The court held that there was “no explanation…forthcoming in [Huff’s] briefs on appeal, or even in the report of her use-of-force expert, Scott DeFoe,” to point to any link between inadequate training and Huff’s injuries. Merely claiming that the sheriff could have offered better training is not enough. There is almost always something more that can be added to training, but the law allows for agencies’ very real budget, practical and time limitations and requires much more than a general statement that something more could have been done. The “plaintiff must identify a specific deficiency in the entity’s training program closely related to his ultimate injury.”
The court reversed summary judgment for the trooper on the excessive force claim. Though the trooper claimed he did not see Huff in his gun sights, the court concluded that the record contained sufficient evidence to support a jury finding the trooper intentionally shot Huff: “To begin with, the very fact that Ms. Huff was repeatedly struck by bullets from Reeves’s gun strongly implies that she was in his line of sight. The shooting was in broad daylight. And the fact that she was struck by bullets so often (at least 10 times) makes it hard to believe that she was not being aimed at.” Moreover, Huff and Norris ran from different sides of the car and in opposite directions.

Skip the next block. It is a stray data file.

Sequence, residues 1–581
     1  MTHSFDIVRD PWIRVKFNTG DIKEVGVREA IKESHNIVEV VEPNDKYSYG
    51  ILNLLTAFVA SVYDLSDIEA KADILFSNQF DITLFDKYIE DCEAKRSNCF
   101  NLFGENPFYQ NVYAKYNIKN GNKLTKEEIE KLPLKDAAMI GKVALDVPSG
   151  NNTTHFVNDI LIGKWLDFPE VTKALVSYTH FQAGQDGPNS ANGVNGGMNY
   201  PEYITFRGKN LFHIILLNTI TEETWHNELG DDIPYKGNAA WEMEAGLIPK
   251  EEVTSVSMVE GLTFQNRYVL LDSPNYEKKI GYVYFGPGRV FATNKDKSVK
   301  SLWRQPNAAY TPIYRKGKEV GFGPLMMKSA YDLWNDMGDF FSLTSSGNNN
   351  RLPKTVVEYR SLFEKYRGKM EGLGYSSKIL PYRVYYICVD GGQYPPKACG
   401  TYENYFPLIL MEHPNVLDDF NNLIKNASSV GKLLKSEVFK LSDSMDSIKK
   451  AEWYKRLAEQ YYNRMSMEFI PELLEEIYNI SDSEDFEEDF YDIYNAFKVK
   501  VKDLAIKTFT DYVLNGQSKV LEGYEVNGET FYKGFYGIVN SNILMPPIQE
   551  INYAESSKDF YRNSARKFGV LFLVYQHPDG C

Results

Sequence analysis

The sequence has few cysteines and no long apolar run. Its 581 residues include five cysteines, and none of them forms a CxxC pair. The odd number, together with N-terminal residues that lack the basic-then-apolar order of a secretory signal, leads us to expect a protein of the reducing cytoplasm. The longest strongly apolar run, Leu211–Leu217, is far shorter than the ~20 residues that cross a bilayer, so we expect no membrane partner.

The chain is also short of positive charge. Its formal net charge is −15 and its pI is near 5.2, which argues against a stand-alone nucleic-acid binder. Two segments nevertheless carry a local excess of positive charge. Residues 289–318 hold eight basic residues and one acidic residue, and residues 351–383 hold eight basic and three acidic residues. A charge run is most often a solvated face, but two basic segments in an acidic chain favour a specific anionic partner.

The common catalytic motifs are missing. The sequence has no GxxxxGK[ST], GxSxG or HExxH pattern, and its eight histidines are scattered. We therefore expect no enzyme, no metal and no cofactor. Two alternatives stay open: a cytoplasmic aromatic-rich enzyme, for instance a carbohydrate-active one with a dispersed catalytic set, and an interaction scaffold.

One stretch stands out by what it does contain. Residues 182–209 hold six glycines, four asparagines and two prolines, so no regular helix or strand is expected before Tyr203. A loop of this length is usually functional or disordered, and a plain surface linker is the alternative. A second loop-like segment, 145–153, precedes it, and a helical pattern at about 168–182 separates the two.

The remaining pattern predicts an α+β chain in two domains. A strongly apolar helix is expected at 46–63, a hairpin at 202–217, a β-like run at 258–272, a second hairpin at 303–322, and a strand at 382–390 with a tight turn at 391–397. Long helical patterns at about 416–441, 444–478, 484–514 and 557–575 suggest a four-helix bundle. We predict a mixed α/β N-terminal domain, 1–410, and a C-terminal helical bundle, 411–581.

Even if the trooper intentionally shot Huff, that doesn’t end the question of liability. At trial, the trooper may claim he perceived that Huff was an accomplice to the suspect who was shooting at him. The court held that was a question for a jury. “On facts that could reasonably be found by the jury, Reeves’s shooting at Ms. Huff was contrary to clearly established Fourth Amendment law.” If the jury so concludes, the trooper is liable for excessive force.